Synopses & Reviews
Six-year-old Michael Halligan longs to be a hero. Submerging himself in the world of Big Little Books, he imagines himself as "Mike Steele," righter of wrongs, friend to Dick Tracy, Buck Rogers, and the Lone Ranger. But reality pops him on the jaw when his mother dies unexpectedly in the winter of 1934. Michael is left in the custody of his gangster father, Paddy, where he tragically loses his faith in the power of good over evil.
So begins Michael's obsessive quest through the city and suburbs of Chicago to recapture the purity and comfort that defined his boyhood. As he attempts to track down a copy of every Big Little Book in existence, Michael begins — perhaps unintentionally — to also search out unconditional love, security, and stability in an arbitrary and unkind world.
An dazzling tale featuring a colorful cast of heroes, villains, and damsels in distress — both real and make-believe — Dream City poses the most dangerous of questions: What happens when we finally discover what we've spent our entire lives searching for?
"Short's sprawling and mostly successful debut novel packs in 72 years of one family's troubles. In Depression-era Chicago, six-year-old Michael Halligan relishes the times his mother, Elizabeth, reads to him from the funny pages, full of heroes he imagines coming to his rescue. His hired thug father, Paddy, dreams of owning a gas station outside of the city even if, in the meantime, one of the people he has to 'take care of' is his deadbeat father. Elizabeth, meanwhile, dreams of running away from her family with the leader of a cultish religious group. A pregnancy threatens to interfere with her plans, and she opts for an abortion that leads to her death and robs the novel of its most complex character. With Elizabeth out of the way, the narrative falls on an adult Michael, who, when not cataloguing in his journal his many nights spent with prostitutes, goes to some fairly outrageous lengths to collect every Big Little Book a series of pulpy books starring characters from the funnies he can find. Short doesn't bring much new to the family saga potluck, but a bevy of eccentric characters and some tense moments should keep readers in the fold. (Sept.)" Publishers Weekly (Copyright Reed Business Information, Inc.)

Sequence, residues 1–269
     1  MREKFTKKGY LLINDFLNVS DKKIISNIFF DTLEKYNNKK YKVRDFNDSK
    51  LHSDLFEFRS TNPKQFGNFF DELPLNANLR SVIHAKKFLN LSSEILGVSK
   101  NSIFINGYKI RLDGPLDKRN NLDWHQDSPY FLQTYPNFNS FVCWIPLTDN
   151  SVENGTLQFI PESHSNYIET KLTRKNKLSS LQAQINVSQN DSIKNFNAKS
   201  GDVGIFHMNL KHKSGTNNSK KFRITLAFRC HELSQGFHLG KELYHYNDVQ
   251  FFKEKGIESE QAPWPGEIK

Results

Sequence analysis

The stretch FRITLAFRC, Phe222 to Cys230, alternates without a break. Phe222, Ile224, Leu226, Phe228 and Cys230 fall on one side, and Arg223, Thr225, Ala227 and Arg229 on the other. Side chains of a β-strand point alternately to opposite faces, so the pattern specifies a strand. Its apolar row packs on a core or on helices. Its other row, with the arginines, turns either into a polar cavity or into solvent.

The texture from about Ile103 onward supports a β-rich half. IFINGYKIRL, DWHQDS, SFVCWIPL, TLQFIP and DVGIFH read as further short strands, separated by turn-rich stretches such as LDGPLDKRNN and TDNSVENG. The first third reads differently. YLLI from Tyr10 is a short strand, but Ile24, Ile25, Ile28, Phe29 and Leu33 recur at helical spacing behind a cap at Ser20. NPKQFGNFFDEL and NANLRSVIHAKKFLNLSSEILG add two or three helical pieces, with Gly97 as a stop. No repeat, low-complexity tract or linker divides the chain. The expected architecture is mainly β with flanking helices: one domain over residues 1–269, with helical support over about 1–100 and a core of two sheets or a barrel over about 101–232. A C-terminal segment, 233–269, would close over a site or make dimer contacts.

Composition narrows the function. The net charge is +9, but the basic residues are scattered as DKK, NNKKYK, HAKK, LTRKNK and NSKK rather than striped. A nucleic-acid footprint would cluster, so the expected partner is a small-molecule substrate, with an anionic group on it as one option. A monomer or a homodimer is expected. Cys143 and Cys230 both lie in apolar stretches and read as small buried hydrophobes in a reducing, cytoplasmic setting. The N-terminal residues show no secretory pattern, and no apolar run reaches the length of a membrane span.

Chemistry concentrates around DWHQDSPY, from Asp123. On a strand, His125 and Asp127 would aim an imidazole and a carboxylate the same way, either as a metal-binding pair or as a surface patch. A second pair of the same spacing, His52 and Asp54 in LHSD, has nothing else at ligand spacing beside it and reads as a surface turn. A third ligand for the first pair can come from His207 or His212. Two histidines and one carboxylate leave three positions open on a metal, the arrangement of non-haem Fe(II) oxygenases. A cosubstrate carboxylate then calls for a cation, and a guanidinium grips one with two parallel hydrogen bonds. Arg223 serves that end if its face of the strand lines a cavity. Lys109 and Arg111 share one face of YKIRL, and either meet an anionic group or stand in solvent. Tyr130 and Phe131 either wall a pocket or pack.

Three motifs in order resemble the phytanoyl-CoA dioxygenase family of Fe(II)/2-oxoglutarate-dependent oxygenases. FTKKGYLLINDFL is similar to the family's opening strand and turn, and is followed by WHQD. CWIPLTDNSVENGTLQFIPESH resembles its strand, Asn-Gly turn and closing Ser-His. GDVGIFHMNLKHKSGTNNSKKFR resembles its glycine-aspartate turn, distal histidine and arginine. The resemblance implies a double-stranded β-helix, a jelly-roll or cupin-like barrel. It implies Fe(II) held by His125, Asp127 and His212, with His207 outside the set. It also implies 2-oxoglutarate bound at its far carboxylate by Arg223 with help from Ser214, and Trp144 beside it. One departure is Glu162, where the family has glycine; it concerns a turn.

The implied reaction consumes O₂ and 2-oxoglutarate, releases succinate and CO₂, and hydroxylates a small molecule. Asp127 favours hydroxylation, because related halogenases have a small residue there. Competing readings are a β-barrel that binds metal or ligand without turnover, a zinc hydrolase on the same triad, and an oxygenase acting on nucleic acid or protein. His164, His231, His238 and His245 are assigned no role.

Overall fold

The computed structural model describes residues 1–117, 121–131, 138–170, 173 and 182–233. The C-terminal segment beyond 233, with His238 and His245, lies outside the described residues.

"[A]n impressively mature first effort....Short manages to turn the outwardly dreary, uninteresting Michael into a character who is not only sympathetic but complex and compelling....Highly recommended." Library Journal
A dazzling tale featuring a colorful cast of heroes, villains, and damsels in distress — both real and make believe — Dream City poses the most dangerous of questions: What happens when one man finally discovers what he's spent his entire life searching for?
About the Author
Brendan Short holds an MFA from the Michener Center for Writers at the University of Texas. His fiction has appeared in several literary journals, including The Literary Review and River Styx, and has been nominated for a Pushcart Prize. From 2000 to 2001 he was Writer-in-Residence at St. Albans School in Washington, D.C. He lives with his wife and daughter in Oak Park, Illinois. Dream City is his first novel.